Hockey Gods



Uploaded By: PRESIDENT on February 7th, 2018

Canadian Olympic Hockey Team
Team Canada / Port Arthur Bear Cats
1936 Winter Olympics at Garmisch-Partenkirchen

Team Roster
Front Row L to R - Francis "Dinty" Moore, Maxwell Deacon, Albert Pudas (coach), Malcolm Cochran (manager), F.H. Marples (C.A.H.A. representative), W. "Scotty" Stewart (trainer), Alexander Sinclair, Arthur "Jakie" Nash.

Back Row - Gustaa "Gus" Saxberg, William "Bill" Thomson, Walter "Pud" Kitchen, Herman Murray, Dave Neville, Hugh Farquharson, Ralph St. Germain, Norm "Num" Friday, Raymond Milton.

Inset - Kenneth Farmer

Coach Albert Pudas is the only coach in Team Canada history who was not born in Canada, and was also the first Finnish born National Hockey League player. Pudas played only 4 games in the NHL starting on December 30, 1926 for the Toronto St. Patricks.

Not all Team Canada players were from the Port Arthur Bear Cats.
The Canadian Amateur Hockey Association added Ralph St. Germain, Dave Neville and Hugh Farquharson of the Montreal Royals, Kenneth Farmer from the Montreal Victorias and Jimmy Haggarty of the Wembley Canadians, who was already playing in England.

Great Britain would win the Gold Medal, Canada the Silver, and USA the Bronze.

The tournament itself featured very close play for the medals. It was played in three rounds beginning with four groups. The top two nations from each group (eight in all) then advanced to a semi-final round of two groups of four teams, and the top two from these two groups played a finals round robin among the four final teams. However, it was only after the second round that tournament officials declared that results from that second round would count toward the final round.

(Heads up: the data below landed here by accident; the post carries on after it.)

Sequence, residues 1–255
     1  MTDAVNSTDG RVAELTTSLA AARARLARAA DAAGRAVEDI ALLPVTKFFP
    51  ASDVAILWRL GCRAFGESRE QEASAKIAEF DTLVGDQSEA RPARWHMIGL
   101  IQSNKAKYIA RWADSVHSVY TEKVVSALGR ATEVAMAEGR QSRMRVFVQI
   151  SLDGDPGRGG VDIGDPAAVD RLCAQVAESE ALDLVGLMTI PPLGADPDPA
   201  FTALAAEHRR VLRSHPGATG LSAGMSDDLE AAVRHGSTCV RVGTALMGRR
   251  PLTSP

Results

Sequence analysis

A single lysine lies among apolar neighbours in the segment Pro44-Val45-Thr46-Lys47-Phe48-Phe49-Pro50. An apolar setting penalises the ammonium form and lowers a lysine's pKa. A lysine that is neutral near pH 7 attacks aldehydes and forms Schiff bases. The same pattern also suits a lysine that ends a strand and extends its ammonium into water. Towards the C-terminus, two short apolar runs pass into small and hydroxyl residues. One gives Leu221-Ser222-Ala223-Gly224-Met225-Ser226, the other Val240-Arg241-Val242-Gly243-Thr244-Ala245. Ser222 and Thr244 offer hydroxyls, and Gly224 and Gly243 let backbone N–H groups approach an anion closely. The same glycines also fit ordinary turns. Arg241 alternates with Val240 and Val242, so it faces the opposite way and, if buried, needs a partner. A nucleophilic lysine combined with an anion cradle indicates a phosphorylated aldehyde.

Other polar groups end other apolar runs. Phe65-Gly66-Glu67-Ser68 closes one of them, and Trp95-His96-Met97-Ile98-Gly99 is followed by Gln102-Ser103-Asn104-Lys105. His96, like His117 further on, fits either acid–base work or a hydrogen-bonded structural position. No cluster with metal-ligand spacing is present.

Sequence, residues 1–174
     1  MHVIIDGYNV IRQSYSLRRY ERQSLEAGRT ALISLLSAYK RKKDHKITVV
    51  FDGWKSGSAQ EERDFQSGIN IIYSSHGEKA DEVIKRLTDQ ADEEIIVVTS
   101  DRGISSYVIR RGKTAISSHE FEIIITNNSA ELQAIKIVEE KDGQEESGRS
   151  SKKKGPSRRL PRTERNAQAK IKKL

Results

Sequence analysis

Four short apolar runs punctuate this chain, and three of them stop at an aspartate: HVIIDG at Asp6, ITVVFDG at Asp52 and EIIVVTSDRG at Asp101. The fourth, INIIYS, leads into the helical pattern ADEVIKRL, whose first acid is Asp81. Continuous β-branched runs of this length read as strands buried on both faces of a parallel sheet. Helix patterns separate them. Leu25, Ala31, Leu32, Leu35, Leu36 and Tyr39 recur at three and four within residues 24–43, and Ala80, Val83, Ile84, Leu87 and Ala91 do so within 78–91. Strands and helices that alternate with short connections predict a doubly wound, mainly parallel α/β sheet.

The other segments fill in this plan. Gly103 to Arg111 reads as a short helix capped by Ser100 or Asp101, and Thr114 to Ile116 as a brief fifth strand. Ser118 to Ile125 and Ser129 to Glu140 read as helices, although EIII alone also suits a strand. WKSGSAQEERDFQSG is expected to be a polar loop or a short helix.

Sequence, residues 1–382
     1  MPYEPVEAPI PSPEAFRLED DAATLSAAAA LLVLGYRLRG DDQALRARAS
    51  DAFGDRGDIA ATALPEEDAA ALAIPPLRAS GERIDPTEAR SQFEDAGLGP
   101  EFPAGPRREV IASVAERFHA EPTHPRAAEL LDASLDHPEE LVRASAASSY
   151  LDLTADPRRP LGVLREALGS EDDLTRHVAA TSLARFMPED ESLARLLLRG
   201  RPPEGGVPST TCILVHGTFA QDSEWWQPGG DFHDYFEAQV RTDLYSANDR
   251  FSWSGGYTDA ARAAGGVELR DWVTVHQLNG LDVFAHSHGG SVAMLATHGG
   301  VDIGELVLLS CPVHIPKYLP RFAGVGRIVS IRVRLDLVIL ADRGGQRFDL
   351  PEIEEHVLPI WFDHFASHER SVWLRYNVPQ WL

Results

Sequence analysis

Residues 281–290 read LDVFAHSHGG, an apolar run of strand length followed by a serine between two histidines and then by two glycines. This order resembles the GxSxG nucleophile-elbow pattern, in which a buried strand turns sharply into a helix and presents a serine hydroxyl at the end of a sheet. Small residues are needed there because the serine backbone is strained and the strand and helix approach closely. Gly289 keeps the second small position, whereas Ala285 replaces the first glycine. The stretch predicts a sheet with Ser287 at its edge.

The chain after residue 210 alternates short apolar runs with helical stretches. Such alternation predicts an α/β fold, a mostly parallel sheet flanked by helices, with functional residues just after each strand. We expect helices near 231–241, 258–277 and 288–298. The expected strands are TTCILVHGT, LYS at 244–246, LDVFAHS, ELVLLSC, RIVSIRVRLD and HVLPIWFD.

In the first round the Italians pulled off the biggest upset of the tournament, beating the USA two to one. While that result had no real impact on the tournament, when Great Britain Hockey player Edgar Brenchley scored late in the third to defeat Canada two to one, history was made.

The common practise for outdoor tournaments was to have results carried forward, so when the British team shocked the Canadians by defeating them in the semi-finals, that result also counted in the final round. The British team then tied Germany, advancing to the finals, where they proceeded to beat Czechoslovakia.

The American and British teams had played six scoreless periods before the game was called a tie, ensuring, at the very least, that Great Britain would get a Silver Medal, if not Gold. The Canadians, unable to replay the Brits, could only hope for a silver if they beat the USA. The American team could still achieve gold in a variety of tie-breaking scenarios, but were very tired from the marathon scoreless tie, and lost one to nothing. With that result the British team clinched history, the first team in Hockey history to win the Olympic, World, and European Championships


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